Animation is the rapid display of a sequence of images (or frames as they are called) to create an illusion of movement. The most common method of presenting animation is as a motion picture or video program, although there are other methods. This type of presentation is usually accomplished with a camera and a projector or a computer viewing screen which can rapidly cycle through images in a sequence. Animation can be made with either hand rendered art, computer generated imagery, or three-dimensional objects, e.g. puppets or clay figures, or a combination of techniques. The position of each object in any particular image relates to the position of that object in the previous and following images so that the objects each appear to fluidly move independently of one another. The viewing device displays these images in rapid succession, usually 24, 25, or 30 frames per second.
A flip book or flick book is a book with a series of pictures that vary gradually from one page to the next, so that when the pages are turned rapidly, the pictures appear to animate by simulating motion or some other change.
The main thing missing from cartoons is today that old cartoons were cartoony. They did things you can't do in any other medium. Today's cartoons are very conservative and are more like live action. The characters look the same in every frame of the damn cartoon. The old cartoons squashed, stretched, and did crazy expressions. They were imaginative and crazy. A lot of cartoons aren't imaginative, they just say things. It might as well be radio. There is no point in having anything to look at in modern cartoons. But you can't say that about every cartoon. Genndy Tartakovsky's cartoons are beautiful. The closest thing now to what I'm saying isSpongeBobbut even that doesn't go very far. It's like a conservative version of Ren & Stimpy.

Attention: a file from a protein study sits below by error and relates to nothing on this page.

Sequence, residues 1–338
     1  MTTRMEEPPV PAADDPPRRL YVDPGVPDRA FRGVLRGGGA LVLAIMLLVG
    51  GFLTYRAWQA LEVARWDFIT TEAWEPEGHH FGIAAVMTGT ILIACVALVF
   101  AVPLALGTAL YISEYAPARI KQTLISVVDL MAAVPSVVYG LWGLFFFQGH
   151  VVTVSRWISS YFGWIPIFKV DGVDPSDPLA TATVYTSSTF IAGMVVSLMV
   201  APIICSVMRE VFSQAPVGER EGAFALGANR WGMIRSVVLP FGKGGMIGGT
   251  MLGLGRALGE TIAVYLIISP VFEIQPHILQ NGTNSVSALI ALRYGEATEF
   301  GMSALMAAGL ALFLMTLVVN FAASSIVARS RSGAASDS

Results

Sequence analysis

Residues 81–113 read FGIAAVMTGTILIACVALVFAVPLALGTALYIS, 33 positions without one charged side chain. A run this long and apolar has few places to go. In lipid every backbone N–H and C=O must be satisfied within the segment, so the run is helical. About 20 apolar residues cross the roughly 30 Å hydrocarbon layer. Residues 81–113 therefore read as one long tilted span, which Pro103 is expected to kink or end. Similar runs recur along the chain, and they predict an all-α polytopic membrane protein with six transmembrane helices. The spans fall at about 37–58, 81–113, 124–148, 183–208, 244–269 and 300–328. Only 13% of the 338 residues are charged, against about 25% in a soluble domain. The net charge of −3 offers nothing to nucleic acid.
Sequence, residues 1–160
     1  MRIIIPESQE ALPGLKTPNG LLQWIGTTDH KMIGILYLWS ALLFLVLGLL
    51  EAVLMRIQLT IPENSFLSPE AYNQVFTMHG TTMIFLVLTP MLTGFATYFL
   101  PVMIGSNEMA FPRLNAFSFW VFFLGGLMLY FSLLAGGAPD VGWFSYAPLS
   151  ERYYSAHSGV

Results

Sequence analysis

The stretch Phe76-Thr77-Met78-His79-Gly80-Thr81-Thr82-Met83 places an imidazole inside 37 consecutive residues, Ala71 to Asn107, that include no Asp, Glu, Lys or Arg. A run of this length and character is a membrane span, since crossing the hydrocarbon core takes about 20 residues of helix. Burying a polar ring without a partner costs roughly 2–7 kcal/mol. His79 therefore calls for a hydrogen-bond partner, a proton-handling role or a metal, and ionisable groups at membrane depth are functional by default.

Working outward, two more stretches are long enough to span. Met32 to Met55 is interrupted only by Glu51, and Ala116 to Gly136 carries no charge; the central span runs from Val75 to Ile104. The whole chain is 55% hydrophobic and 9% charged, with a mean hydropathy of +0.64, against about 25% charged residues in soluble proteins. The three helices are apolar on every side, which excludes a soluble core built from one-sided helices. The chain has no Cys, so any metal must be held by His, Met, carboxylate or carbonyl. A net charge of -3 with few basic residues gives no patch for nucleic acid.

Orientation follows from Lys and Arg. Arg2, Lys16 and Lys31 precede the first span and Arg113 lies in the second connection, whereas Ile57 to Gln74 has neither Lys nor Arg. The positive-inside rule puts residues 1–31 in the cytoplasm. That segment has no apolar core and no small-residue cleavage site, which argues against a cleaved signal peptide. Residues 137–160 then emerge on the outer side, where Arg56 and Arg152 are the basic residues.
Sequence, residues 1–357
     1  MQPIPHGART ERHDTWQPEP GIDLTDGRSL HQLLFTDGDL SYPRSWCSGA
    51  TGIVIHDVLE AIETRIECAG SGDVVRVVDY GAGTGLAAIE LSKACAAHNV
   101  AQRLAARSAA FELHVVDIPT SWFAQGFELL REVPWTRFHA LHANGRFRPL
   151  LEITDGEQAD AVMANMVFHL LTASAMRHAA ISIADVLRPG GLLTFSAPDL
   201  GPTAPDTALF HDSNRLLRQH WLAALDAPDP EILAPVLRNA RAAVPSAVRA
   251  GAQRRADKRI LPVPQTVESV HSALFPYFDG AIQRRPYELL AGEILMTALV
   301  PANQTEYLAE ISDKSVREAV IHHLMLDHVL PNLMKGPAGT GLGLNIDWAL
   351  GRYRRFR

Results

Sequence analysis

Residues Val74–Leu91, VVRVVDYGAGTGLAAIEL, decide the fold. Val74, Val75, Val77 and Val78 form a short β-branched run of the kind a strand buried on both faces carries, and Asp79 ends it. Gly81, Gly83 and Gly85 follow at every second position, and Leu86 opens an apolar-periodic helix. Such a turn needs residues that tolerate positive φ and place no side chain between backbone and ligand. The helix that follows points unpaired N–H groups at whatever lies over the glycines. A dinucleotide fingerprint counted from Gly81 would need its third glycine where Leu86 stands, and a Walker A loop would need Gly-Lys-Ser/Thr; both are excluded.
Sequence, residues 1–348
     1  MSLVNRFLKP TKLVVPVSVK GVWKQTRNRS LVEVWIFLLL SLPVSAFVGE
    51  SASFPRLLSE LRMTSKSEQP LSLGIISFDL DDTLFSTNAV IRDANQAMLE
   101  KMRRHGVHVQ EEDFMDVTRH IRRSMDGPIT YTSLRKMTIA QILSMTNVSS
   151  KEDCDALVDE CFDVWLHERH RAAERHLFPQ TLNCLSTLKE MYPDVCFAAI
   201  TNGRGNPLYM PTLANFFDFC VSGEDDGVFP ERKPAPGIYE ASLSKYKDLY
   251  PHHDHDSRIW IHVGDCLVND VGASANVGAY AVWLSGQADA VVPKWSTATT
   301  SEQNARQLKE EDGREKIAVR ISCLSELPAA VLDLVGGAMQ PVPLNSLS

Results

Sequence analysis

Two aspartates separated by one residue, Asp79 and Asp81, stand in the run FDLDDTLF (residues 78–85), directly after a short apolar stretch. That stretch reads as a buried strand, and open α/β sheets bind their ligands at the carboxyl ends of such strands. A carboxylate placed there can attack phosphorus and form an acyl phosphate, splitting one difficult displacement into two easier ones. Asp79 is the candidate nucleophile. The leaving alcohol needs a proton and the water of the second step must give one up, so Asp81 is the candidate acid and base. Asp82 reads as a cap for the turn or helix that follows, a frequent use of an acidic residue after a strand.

There have been 61 episodes of Avatar: The Last Airbender, an Emmy Award-winning American animated television series written and created by Michael Dante DiMartino(picutred) and Bryan Konietzko. It first aired on February 21, 2005 with a one-hour series premiere and concluded its run with a two-hour TV movie on July 19, 2008. The Avatar franchise refers to each season as a "Book", in which each episode is referred to as a "chapter". Each "Book" takes its name from one of the elements that the protagonist must master: Water, Earth, and Fire. The show's first two seasons each consisted of 20 episodes, while the third season had 21. In addition to the three seasons, there were two recap episodes and three "shorts". The first recap summarized the first eighteen episodes while the second summarized season two. The first self-parody was released via an online flash game. The second and third were released with the Complete Second Season Box Set DVD. The entire series has been released on DVD in both Region One and Region Two.